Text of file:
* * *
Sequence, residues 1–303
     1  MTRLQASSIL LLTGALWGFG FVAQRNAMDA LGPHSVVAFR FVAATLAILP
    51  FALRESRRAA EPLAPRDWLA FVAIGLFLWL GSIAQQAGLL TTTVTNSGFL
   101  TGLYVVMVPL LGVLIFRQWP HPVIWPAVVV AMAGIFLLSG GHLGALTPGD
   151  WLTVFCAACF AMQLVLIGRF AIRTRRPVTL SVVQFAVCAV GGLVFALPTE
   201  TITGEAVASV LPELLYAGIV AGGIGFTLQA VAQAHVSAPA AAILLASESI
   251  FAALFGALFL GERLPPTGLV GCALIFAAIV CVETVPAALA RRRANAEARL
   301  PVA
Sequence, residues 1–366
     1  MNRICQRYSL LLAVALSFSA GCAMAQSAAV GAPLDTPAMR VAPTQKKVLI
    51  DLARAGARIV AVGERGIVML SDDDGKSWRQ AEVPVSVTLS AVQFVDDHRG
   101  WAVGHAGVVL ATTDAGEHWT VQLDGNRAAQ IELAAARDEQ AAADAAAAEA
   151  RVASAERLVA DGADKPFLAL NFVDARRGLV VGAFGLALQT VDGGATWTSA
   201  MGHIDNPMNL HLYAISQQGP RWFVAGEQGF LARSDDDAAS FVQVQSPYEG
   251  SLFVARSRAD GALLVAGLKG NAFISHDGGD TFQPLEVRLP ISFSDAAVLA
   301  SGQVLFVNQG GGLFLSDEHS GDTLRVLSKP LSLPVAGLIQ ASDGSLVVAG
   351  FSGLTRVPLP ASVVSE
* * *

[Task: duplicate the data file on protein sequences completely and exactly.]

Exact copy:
Sequence, residues 1–303
     1  MTRLQASSIL LLTGALWGFG FVAQRNAMDA LGPHSVVAFR FVAATLAILP
    51  FALRESRRAA EPLAPRDWLA FVAIGLFLWL GSIAQQAGLL TTTVTNSGFL
   101  TGLYVVMVPL LGVLIFRQWP HPVIWPAVVV AMAGIFLLSG GHLGALTPGD
   151  WLTVFCAACF AMQLVLIGRF AIRTRRPVTL SVVQFAVCAV GGLVFALPTE
   201  TITGEAVASV LPELLYAGIV AGGIGFTLQA VAQAHVSAPA AAILLASESI
   251  FAALFGALFL GERLPPTGLV GCALIFAAIV CVETVPAALA RRRANAEARL
   301  PVA
Sequence, residues 1–366
     1  MNRICQRYSL LLAVALSFSA GCAMAQSAAV GAPLDTPAMR VAPTQKKVLI
    51  DLARAGARIV AVGERGIVML SDDDGKSWRQ AEVPVSVTLS AVQFVDDHRG
   101  WAVGHAGVVL ATTDAGEHWT VQLDGNRAAQ IELAAARDEQ AAADAAAAEA
   151  RVASAERLVA DGADKPFLAL NFVDARRGLV VGAFGLALQT VDGGATWTSA
   201  MGHIDNPMNL HLYAISQQGP RWFVAGEQGF LARSDDDAAS FVQVQSPYEG
   251  SLFVARSRAD GALLVAGLKG NAFISHDGGD TFQPLEVRLP ISFSDAAVLA
   301  SGQVLFVNQG GGLFLSDEHS GDTLRVLSKP LSLPVAGLIQ ASDGSLVVAG
   351  FSGLTRVPLP ASVVSE